In the Zero Waste/Refill community, a closed loop product is typically meant to mean the manufacturer takes back the container their product is delivered in to clean, sanitize and refill it to be used again, for as many times as that container can remain intact and useable.
Another example of closed loop is compostable packaging (that is actually composted, not landfilled). This looks at the bigger system, that the packaging was made from resources that were taken from the earth and they will return to the earth to replenish it. Obviously this category hinges on some pretty big considerations like the packaging not being overly resource intensive to create, or wasteful to distribute.
Last are the products that are considered “consumable” and do not require any packaging. Think of an apple, or a bar of soap.
In traditional retail there are lots of places where a product could gain or lose packaging. An item might be individually packaged by the manufacturer. It might not be by the manufacturer but could be by the distributor or retailer. Or you could be given the option to “package” that item yourself by placing it in a plastic bag or container at the store. A shirt may come to you unpackaged, but did it arrive at the store individually wrapped in a plastic bag? That was removed from a box? That came to the store on a pallet wrapped in yards of plastic pallet tape?
These are the things conscious consumers, retailers and manufacturers think about constantly. Traditional retail has SO MUCH waste (I worked in retail for 6 years, I’ve removed A LOT of shirts from plastic bags). The raw materials were most likely shipped to the manufacturer in packaging, there was most likely scrap material when it was made, the product was likely individually wrapped, placed in a box then stacked on a pallet. That pallet was sent to a distribution center where the tape was removed (and tossed) and the box was opened so quantities of that product could be placed in a different box to then again be stacked on a pallet, wrapped in tape and shipped to a store. Where the tape was again removed (and tossed) and the box opened, the product removed from bags (discarded) and put on store shelves. This is where the consumer buys it, has it placed in another plastic bag. They then take it home, remove it from the shopping bag (discarded) and then remove it from its packaging (discarded). That one products was responsible for pounds of useless discarded plastic that did not actually contribute to the product itself.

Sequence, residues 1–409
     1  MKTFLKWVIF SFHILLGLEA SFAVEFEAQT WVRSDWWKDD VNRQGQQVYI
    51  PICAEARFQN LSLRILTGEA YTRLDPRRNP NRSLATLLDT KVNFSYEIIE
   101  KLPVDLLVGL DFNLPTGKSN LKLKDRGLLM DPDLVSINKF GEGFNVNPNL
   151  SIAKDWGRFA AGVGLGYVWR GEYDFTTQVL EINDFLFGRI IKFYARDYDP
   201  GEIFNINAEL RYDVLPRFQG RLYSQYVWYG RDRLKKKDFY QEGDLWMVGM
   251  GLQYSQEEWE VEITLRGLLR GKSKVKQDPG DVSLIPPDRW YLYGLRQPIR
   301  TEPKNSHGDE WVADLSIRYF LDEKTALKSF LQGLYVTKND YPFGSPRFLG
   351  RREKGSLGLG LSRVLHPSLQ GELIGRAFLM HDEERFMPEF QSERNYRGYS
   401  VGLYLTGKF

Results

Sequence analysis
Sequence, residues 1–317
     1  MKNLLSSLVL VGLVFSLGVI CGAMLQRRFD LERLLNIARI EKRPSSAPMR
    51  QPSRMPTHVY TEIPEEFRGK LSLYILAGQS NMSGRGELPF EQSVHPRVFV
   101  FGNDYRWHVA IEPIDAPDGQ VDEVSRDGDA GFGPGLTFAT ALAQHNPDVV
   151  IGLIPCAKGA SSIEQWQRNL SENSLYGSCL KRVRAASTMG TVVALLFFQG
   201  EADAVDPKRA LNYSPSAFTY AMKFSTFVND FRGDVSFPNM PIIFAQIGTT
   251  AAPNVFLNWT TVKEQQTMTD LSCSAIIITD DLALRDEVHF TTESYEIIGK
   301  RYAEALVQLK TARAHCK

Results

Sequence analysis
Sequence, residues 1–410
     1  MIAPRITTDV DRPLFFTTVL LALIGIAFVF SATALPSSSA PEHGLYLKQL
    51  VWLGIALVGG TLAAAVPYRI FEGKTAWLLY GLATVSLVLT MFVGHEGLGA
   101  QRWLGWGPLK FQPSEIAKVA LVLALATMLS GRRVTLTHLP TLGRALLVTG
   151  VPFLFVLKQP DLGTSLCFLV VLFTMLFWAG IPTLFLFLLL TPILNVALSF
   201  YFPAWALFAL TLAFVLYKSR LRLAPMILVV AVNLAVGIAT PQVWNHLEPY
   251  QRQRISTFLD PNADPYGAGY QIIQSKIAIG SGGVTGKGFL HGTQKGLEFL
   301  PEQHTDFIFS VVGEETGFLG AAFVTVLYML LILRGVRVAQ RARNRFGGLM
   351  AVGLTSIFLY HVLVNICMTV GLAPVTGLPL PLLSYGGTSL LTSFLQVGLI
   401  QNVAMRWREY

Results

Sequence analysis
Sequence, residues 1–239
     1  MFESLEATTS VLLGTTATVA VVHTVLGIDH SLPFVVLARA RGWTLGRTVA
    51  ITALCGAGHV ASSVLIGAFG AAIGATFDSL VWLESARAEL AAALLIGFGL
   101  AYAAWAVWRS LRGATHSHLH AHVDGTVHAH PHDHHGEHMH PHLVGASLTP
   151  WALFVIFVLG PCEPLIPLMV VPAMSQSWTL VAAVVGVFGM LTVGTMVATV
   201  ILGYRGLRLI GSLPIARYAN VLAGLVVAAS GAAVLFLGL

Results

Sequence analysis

So, what’s the solution? Until we can influence a major overhaul of retail as we know it, here are the small things we can do as individuals that make a big impact:
-If you don’t NEED it, don’t buy it. Reducing impulse purchases save waste and saves you money
-If you do NEED it, try to find it second hand or see if you can borrow it
-When you do need to buy something new, know where it comes from. Try to shop local shops, local brands, made by individuals or look into making yourself. If you don’t know where something was made, ask questions and do some research.
-DON’T FALL FOR GREEN WASHING! Do not take a brands word that something it “sustainable”, “eco-friendly”, “natural”, “recyclable”, “biodegradable” or even “compostable”. These words have lots of wiggle room and very often they just mean that under certain conditions, in certain areas these things COULD be true.
-Control what you can, bring your own bags/containers whenever possible, either don’t shop places that won’t let you or reach out to their management to let them know you want to use your own. It’s becoming more commonplace and the more they hear it, the more likely they are to change their policies.
I know we’ve all heard the now cliched phrase “We vote with our dollars”. But when it comes to retail, we really do. When you make a purchase, ask yourself what that product and packaging went through to get to you and where does it go after you. If you do this even a few times, you’ll never look at traditional retail the same.